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Is company cost-cutting company throat-slitting?
http://www.reuters.com/article/newsOne/idUSTRE5446N120090506

This Reuters article says the current economic light at the end of the tunnel may be a freight train coming right at us. Robert Reich's proposed solution: More government spending? I sure hope Keynes is right - it's a big, expensive experiment we're running now to test his theories, and this article says the experiment may get expanded before it's over.


I'm inclined to think we may eventually find a "new normal" where people spend less than they earn, and the economy finds a new balance. However, it may take a long, painful period to get to the new equilibrium. And maybe I'm just too optimistic that people will live sustainably rather than living in debt. It seems that a lot of economic activity was artificially, unsustainably due to people buying more stuff than they could afford.

As far as the economy continuing to decline, it seems to me that people still need to eat, wear clothes, etc. So the economy can only go down so much. But the Depression happened so I guess something like that could happen again.


In any case, it does seem like we may be living in a different world when this is all over. I hope it's a better one.


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Chief Slovenly
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cull wrote:
Is company cost-cutting company throat-slitting?
http://www.reuters.com/article/newsOne/idUSTRE5446N120090506

This Reuters article says the current economic light at the end of the tunnel may be a freight train coming right at us. Robert Reich's proposed solution: More government spending? I sure hope Keynes is right - it's a big, expensive experiment we're running now to test his theories, and this article says the experiment may get expanded before it's over.


I'm inclined to think we may eventually find a "new normal" where people spend less than they earn, and the economy finds a new balance. However, it may take a long, painful period to get to the new equilibrium. And maybe I'm just too optimistic that people will live sustainably rather than living in debt. It seems that a lot of economic activity was artificially, unsustainably due to people buying more stuff than they could afford.

As far as the economy continuing to decline, it seems to me that people still need to eat, wear clothes, etc. So the economy can only go down so much. But the Depression happened so I guess something like that could happen again.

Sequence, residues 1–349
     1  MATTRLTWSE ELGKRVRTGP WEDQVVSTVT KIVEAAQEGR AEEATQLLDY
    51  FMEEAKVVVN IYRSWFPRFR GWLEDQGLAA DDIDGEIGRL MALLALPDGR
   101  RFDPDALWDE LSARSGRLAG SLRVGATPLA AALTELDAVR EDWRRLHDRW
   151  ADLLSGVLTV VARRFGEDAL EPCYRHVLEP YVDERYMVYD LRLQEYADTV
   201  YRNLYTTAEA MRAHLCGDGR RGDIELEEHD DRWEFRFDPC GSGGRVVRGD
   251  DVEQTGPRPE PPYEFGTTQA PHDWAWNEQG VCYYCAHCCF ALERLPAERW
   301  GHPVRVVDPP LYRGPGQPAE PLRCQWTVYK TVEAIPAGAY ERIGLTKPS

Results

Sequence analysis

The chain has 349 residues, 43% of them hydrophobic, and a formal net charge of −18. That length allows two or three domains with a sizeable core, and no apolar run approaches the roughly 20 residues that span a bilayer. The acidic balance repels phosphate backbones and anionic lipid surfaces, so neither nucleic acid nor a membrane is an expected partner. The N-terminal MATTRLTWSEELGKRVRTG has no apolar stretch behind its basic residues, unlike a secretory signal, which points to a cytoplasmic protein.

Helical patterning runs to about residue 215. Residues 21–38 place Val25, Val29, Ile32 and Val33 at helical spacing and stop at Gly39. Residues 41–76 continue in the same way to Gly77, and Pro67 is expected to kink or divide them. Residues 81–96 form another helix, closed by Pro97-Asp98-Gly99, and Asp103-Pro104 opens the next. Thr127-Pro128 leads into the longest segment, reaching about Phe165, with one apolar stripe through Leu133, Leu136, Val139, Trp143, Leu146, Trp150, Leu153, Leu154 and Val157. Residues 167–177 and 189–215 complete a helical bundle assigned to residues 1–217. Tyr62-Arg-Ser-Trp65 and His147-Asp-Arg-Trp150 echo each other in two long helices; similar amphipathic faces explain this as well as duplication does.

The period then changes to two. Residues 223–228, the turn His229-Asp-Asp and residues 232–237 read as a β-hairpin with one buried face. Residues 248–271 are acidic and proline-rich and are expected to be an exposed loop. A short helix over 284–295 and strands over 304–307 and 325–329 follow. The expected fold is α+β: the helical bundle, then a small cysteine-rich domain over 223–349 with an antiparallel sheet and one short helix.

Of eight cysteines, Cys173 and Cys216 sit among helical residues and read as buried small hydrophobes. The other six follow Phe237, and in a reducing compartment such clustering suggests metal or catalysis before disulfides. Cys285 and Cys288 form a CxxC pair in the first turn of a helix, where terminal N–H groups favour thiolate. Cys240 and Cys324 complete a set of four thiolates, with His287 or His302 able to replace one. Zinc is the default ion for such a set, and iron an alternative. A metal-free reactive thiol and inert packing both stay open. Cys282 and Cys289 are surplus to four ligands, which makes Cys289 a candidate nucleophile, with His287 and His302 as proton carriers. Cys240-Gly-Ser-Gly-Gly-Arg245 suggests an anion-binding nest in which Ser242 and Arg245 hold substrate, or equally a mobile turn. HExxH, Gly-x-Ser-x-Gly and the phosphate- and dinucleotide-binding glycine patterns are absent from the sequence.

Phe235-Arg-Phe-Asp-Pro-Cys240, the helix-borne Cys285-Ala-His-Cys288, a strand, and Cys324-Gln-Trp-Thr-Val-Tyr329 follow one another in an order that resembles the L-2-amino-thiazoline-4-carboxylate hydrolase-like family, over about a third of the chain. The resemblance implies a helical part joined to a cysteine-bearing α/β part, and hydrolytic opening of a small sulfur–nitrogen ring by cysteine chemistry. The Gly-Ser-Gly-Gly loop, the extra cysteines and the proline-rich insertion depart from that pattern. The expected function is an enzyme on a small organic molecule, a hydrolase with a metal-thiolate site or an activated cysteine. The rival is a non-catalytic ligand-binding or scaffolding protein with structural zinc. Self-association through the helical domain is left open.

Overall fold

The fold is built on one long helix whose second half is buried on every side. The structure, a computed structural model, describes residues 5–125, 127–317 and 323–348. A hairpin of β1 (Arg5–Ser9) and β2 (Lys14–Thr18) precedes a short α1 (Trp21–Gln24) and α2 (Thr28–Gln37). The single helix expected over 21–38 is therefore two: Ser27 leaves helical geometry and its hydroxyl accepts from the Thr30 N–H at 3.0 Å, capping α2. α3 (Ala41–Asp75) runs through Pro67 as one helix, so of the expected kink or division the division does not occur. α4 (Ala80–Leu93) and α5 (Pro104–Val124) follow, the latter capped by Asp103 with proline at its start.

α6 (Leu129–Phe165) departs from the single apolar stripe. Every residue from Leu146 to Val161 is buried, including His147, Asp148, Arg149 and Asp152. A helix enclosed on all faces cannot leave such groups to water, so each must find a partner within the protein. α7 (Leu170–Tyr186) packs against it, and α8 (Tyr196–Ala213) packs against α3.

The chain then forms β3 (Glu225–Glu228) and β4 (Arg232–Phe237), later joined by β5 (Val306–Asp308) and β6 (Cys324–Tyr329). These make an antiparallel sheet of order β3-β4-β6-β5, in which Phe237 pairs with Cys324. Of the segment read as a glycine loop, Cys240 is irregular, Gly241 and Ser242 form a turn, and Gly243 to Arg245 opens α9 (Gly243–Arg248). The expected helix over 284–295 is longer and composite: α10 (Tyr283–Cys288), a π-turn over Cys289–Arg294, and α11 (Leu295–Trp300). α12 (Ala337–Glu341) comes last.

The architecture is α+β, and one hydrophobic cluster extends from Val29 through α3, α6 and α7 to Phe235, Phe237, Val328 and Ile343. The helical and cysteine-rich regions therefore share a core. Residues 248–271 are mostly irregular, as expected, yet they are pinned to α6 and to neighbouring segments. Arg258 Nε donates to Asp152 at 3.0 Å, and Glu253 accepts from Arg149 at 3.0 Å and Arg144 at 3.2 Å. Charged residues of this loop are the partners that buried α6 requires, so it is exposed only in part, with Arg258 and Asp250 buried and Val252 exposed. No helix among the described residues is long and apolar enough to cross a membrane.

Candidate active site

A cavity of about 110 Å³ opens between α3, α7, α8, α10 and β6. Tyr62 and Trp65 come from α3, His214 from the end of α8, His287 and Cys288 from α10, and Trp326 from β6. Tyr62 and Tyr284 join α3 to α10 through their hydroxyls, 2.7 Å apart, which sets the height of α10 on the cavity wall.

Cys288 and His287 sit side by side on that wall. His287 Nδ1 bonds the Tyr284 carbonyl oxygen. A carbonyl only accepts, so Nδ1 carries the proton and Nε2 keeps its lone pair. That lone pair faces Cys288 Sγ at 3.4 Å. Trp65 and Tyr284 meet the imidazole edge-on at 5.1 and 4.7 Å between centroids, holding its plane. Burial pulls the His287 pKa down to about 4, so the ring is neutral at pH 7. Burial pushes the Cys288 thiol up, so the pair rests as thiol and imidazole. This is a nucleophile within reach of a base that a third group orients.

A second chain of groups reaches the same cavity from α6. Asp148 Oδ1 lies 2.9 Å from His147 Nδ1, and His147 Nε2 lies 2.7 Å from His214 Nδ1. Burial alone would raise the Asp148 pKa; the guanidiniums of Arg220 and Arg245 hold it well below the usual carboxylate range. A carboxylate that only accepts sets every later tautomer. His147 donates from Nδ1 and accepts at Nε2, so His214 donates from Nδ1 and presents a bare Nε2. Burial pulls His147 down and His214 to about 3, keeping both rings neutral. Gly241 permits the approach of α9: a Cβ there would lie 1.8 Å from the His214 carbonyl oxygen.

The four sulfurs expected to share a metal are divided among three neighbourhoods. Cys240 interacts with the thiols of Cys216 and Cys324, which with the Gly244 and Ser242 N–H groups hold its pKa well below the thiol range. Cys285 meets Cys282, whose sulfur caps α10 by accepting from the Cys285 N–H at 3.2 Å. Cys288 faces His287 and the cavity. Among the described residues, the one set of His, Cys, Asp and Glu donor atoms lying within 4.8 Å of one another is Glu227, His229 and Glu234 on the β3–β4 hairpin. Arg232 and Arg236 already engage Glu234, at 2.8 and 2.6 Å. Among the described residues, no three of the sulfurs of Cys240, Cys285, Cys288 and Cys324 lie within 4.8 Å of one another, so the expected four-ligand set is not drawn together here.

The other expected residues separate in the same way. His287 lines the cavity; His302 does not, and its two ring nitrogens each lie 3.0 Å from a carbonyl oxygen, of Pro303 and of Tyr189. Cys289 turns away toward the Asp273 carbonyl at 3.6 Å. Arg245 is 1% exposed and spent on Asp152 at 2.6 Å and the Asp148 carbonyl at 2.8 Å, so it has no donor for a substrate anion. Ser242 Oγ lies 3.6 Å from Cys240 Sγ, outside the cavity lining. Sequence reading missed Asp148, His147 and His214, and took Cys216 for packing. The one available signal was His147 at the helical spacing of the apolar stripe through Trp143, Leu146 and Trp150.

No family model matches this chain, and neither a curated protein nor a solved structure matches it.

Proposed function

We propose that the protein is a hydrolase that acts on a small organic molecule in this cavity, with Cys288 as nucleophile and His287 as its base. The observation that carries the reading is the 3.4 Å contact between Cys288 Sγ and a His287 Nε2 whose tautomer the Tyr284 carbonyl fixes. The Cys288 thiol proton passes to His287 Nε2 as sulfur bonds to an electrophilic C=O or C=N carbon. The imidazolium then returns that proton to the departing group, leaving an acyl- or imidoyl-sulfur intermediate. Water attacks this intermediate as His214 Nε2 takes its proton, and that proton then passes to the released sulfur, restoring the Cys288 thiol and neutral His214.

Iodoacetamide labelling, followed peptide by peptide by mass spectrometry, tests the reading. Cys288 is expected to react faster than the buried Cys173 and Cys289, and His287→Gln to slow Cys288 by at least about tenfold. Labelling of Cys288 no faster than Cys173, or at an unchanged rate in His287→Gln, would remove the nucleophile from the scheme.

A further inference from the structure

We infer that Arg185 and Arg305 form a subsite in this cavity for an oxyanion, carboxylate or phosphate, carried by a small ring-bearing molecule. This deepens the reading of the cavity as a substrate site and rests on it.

In any case, it does seem like we may be living in a different world when this is all over. I hope it's a better one.




I hope I don't get too long-winded with this. Ah, too late.

To me, the question of "what happened with capitalism?" went a little like this:

1) Outsourcing and free-trade agreements did away with the whole company culture of the 50s and 60s -- people identified themselves by what company they worked for: "I'm an IBM man." If IBM or whatever company could just locate its plants in Malaysia or Singapore -- and lower-skilled manufacturing in maquiladores in Mexico -- it meant the death knell of being able to live very nicely in many areas on one income, or at least being able to live well and retire on a pension with one wage-earner... the 50s ideal.

2) This started to give way to two wage-earner households, partly as a result of the feminist movement -- women not wanting to be domestics -- partly as a result of Madison Avenue's keeping up with the Joneses, and sometimes out of simple survival. Latchkey kids of the 70s? That's where that comes from.

3) The 80s and 90s were an orgy of mergers and acquisitions, where companies cannibalized each other, either for selling off the parts for profit or for creating vertically/horizontally-integrated industries. This is when outsourcing really starts to take off, especially when it became much cheaper to manufacture somewhere else and ship to America. This is also when America really becomes a service industry nation rather than a manufacturer. This is also the age of the bloated executive salary.

4) But this is also when all that artificial wealth is responsible for generating its own feedback loops, for good or for ill.

My political spin: if you do away with the protections enacted in the aftermath of the Great Depression -- I'm thinking specifically of Glass-Steagall -- you have to accept (at least partially) the bad of greater economic panics and crises along with the good of amazing wealth creation.

In any event, I'm with you that America needs to get to a more Japanese model of being a saving culture, but that would mean the death of the American economy as we currently know it -- the American economic engine is completely based on consumerism.
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Jeff Brown
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Thanks for the analysis
bbenston wrote:
To me, the question of "what happened with capitalism?" went a little like this



Your original question here reminded me of today's dilbert cartoon: